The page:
Traditional livestock farming is unsustainable. It contributes negatively to the environment with methane emissions, deforestation, water pollution and land degradation, but the demand for meat continues to rise, just as the land to grow it on shrinks.
It’s clear we need a solution and many scientists believe that one of our best hopes for creating sustainable food lies in 3D bioprinting.
What is 3D bioprinting?
3D food bioprinting takes traditional 3D printing methods and utilises them to combine cells and biomaterials.
Initially explored as a way to print organs and tissues for research and more recently, regenerate joints and ligaments, this technology has now found its way into the world of alternative food printing sources.
One of the main factors holding back lab-grown meat was the expense of manufacturing it.
Another issue that has plagued meat alternatives was recreating the juicy texture of meat. Although decent ground meat alternatives have been around for a while until recently there was no replacement for a good old fashioned steak.
Overcoming the odds
Now it seems that scientists have overcome this hurdle thanks to 3D food bioprinting technology.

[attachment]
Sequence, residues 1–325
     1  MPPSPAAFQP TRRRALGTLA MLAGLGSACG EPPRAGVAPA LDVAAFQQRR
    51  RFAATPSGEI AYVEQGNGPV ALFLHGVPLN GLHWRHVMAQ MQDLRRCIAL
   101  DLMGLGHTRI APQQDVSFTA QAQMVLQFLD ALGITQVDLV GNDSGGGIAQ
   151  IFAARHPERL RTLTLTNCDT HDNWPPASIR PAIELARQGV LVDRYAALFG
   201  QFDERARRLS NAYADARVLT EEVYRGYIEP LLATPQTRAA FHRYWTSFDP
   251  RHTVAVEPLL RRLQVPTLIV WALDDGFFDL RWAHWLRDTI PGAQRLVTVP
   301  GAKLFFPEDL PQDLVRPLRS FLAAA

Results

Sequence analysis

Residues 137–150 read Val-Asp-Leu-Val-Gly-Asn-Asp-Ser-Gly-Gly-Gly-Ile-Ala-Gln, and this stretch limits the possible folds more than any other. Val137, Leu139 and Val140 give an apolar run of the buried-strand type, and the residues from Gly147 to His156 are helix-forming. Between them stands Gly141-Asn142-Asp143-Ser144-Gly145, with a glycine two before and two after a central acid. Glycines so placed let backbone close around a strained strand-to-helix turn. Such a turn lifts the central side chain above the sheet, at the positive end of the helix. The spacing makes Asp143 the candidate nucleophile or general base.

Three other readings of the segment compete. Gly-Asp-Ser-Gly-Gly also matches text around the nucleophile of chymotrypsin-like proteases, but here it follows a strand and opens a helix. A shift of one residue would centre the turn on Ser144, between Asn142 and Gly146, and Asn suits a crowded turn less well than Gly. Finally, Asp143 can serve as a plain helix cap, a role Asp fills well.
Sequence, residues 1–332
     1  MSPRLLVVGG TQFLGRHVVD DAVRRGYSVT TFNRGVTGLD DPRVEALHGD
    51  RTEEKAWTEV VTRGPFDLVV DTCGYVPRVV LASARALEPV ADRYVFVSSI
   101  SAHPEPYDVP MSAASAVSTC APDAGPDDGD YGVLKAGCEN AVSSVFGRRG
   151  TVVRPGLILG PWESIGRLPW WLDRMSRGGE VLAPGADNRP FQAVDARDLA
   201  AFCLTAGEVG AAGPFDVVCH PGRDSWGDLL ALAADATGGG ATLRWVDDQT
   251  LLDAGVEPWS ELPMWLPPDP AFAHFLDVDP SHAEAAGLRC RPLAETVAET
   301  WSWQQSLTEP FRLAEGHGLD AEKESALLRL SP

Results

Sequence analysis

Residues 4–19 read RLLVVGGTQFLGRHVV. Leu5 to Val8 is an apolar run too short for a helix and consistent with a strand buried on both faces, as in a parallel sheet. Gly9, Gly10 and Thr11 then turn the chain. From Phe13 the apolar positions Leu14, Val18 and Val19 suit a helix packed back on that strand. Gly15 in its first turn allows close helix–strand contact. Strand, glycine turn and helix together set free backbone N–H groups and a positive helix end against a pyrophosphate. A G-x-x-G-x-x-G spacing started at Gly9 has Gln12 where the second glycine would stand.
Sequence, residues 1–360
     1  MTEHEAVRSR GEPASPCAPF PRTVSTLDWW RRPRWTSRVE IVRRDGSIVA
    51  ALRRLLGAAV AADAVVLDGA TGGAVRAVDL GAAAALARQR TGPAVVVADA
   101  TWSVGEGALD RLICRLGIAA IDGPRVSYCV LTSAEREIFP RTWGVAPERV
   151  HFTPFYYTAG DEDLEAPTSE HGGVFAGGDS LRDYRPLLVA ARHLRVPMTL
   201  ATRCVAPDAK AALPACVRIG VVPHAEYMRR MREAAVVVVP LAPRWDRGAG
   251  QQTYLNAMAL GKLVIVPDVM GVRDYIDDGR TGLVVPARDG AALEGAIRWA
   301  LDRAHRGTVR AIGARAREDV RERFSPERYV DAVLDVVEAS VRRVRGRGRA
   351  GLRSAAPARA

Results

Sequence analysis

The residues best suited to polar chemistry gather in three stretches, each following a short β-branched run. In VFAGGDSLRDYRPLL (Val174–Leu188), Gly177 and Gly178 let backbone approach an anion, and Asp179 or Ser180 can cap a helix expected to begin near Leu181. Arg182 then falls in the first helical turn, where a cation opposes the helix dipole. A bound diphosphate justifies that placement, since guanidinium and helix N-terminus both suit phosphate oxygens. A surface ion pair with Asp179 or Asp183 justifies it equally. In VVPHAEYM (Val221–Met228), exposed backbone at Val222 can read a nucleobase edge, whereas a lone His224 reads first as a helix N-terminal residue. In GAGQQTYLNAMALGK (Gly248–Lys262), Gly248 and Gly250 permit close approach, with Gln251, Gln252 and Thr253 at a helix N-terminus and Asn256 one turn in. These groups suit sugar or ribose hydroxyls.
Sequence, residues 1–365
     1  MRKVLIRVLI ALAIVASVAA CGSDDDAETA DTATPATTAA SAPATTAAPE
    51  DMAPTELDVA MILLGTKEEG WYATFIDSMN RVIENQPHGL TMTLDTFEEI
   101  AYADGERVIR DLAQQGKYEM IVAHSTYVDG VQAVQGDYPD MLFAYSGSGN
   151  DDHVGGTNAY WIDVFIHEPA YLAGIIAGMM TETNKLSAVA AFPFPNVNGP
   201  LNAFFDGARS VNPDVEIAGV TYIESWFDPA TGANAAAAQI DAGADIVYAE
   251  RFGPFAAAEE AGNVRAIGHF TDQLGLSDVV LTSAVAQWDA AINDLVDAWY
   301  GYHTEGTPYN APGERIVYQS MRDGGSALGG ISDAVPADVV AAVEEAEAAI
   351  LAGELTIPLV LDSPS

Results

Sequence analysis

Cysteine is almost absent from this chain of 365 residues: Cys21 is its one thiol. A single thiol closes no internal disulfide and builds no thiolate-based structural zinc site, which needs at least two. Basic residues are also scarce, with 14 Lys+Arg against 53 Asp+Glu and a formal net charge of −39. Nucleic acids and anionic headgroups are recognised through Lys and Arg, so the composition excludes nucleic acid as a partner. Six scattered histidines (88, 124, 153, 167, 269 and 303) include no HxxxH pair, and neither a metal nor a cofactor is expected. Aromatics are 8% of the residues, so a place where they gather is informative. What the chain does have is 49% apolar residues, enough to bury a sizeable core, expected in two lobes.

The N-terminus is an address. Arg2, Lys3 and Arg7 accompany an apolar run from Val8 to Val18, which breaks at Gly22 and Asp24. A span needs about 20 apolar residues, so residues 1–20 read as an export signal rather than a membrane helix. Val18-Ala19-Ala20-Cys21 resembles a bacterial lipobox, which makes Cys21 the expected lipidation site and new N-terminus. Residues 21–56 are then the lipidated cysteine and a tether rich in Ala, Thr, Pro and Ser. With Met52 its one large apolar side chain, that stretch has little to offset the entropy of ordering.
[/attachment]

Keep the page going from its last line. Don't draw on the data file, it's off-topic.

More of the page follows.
Using the same techniques for growing human organs and flesh, scientists have replicated the nanofibers of animal muscles to create a texture pretty much indistinguishable from regularly grown meat.
Not only is this meat alternative cruelty-free and made with only plant-based material, but it’s also cholesterol-free and costs less per unit to make than using traditional farming methods.
With the 3D printing manufacturing process getting cheaper and more widely available, the cost to produce meat alternatives is only going down.
The recent news that a certain well known fried chicken manufacturer would be 3D printing its world-famous fowls in Russia has vegetarians salivating and the rest of the world watching intently.
A successful rollout of these 3D-printed chicken nuggets could be just the catalyst the world needs for an all-out food revolution.
The future of food
The future of food looks bright with 3D bioprinting and with some big names in the food industry already on board, it seems it won’t be long until we see 3D printed steaks on the dinner table at home.